Six former Oregon State players are taken on the second day of NFL Draft
By Cliff Kirkpatrick
Six Oregon State football players were selected on the second day of the NFL Draft Sunday.
The Beavers had seven of the 256 players picked during the seven-round draft, including offensive lineman Andy Levitre, who was taken by the Buffalo Bills in the second round Saturday.
Seven is the most OSU players ever drafted, breaking the old record of six done in 1967 and 1947.
Cornerback Keenan Lewis was drafted by the Pittsburgh Steelers in the third round with the 96th overall pick. He was the 15th cornerback chosen.
Linebacker Victor Butler followed in the fourth round to the Dallas Cowboys with the 110th pick. Linebacker Slade Norris was a surprise selection in the fourth round, going to the Oakland Raiders with the 126th pick.
Both Butler and Norris were defensive ends with the Beavers, but are expected to be linebackers at least part of the time in the NFL.
Cornerback Brandon Hughes went to the San Diego Chargers in the fifth round with the 148th pick. Safety Al Afalava was picked 190th by the Chicago Bears in the sixth round.
Wide receiver Sammie Stroughter was drafted in the seventh round by the Tampa Bay Buccaneers with the 233rd overall selection.
"It's a blessing to have an opportunity to play for one of the top teams, the Super Bowl champs," Lewis said. "I like the team, the defense is like Oregon State's. They get after it. They feel I can come in and compete for playing time."
Lewis was picked for his impressive size at his position: 6 feet and 208 pounds. He has experience with 48 starts for the Beavers and knows how to play man defense and be aggressive.
He showed well during the Senior Bowl and OSU's Pro Day to improve his stock.
"I've been hoping to have this opportunity for so long," Lewis said. "I've had good coaches like coach (Mike) Riley and (Mark) Banker, who have told me to keep fighting. They told me I'm special. I'm so proud I can't explain it."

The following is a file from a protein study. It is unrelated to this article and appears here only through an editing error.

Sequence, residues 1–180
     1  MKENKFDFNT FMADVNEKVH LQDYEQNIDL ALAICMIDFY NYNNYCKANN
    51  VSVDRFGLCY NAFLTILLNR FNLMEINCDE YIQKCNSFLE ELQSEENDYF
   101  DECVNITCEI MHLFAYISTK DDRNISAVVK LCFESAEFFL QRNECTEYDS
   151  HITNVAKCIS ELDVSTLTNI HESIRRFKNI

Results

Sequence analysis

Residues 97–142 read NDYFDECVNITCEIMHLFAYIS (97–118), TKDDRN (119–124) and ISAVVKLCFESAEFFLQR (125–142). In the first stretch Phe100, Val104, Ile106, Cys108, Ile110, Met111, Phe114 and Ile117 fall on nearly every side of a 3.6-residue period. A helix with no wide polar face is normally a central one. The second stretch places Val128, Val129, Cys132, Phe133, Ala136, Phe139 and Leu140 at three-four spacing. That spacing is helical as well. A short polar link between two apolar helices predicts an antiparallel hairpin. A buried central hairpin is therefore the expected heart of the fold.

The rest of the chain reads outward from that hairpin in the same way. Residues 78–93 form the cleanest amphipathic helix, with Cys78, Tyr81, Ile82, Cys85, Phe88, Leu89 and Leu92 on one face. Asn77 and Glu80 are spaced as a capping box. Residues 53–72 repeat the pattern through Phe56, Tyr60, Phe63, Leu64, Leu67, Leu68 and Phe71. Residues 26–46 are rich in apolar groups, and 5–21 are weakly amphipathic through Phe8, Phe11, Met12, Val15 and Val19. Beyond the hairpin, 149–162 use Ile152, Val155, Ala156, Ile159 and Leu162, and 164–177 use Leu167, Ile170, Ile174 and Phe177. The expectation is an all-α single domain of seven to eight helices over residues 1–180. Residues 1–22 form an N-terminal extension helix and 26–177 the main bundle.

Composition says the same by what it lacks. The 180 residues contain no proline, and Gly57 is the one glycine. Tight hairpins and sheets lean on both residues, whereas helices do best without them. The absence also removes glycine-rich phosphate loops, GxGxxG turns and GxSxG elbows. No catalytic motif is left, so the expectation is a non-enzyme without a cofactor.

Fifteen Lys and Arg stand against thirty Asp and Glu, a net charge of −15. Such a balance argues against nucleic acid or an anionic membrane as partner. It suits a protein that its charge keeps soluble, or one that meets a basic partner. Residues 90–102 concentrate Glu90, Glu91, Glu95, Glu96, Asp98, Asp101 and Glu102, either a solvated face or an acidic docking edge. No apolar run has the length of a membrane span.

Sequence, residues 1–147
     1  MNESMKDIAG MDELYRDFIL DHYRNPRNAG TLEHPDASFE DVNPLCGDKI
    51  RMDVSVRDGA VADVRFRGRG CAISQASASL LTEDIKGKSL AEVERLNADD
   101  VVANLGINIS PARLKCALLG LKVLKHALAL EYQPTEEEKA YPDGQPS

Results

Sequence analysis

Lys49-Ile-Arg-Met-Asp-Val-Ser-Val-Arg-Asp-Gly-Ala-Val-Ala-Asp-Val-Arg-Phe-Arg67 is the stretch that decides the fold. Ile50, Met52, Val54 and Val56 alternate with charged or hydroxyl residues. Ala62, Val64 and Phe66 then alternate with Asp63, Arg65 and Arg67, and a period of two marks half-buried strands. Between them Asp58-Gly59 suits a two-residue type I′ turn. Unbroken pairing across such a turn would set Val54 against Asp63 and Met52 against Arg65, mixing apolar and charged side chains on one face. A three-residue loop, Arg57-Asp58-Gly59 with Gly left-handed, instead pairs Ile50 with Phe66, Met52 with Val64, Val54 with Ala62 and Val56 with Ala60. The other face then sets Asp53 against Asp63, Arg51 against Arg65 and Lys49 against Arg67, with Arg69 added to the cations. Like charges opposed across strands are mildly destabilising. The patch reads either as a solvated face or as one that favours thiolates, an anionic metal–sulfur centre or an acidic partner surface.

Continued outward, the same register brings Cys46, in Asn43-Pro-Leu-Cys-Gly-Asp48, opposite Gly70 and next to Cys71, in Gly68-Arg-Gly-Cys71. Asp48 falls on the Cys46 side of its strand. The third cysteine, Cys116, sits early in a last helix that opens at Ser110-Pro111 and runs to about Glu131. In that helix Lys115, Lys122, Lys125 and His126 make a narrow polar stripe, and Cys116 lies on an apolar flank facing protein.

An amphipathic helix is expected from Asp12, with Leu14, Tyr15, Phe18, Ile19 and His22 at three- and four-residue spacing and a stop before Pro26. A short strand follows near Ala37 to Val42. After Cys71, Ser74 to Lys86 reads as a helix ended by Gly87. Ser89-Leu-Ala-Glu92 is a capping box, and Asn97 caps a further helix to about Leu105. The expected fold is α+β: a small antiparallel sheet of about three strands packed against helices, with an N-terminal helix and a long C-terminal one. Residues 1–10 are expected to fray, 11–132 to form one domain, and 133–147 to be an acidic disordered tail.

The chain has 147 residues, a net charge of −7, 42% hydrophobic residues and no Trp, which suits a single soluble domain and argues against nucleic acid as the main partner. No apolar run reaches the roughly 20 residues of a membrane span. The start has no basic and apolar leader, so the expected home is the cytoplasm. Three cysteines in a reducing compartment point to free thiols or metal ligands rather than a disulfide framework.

Butler was about to go for a mountain run during the draft to ease his anxiety when he got the call. Cowboys owner Jerry Jones was on the other end.
"I had to stop myself from crying and screaming," Butler said. "So many great players have gone through there; it motivates me to be better."
The Cowboys want Butler to play both defensive end and linebacker, using his speedy 6-2, 248-pound frame. He's pumped for the challenge and doesn't care where they place him on the field. His ability also makes him a top special teams candidate.
After getting the news, Butler still went for the run.
"Nobody else will work out on draft day," Butler said. "That puts me one step ahead of everybody else."
Norris hoped to be a sixth or seventh round pick, but would have accepted a free agent opportunity. So going in the fourth round was a pleasant shock.
The Raiders were his first call of the day, and he thought it was a team trying to gauge his interest in free agency or to say they were only interested in him as a late pick.
"I can't describe the feeling," Norris said. "I wasn't sure where I would get drafted. I'm excited to be a Raider. I can't wait to get there and start playing. This is the best thing that ever happened to me."
Norris is similar to Butler; he'll play both defensive end and linebacker. The main thing is whether the 6-2, 232-pounder can get to the quarterback quickly.
He visited the Raiders in the past month and both sides were impressed. Special teams is where he starts, but he has the opportunity for more.
Hughes is an aggressive cornerback like Lewis, but is being projected as a possible nickel back for the Chargers. He improved his draft standing with standout numbers at the NFL Combine.
Afalava is a hard-hitting safety who gives the Bears depth, but can excel on special teams. Stroughter can make the Bucs being a good possession receiver and return man.
"It was a great day," said Carter Chow, the agent for Hughes and Stroughter. "They are going to teams where their skill sets will compliment the teams. I think they have the opportunity to contribute right away."
Former OSU cornerback Coye Francis was selected by the Cleveland Browns in the sixth round, right after Afalava. Francis was a junior college transfer who played for the Beavers in 2006 before transferring to San Jose State.
Three Oregon Ducks were drafted on the second day to bring their draft total to six.
Offensive tackle Fenuki Tupou went in the fifth round to the Philadelphia Eagles, defensive tackle Ra'Shon Harris was picked by the Steelers in the sixth round and defensive end Nick Reed was a seventh-round pick by the Seattle Seahawks.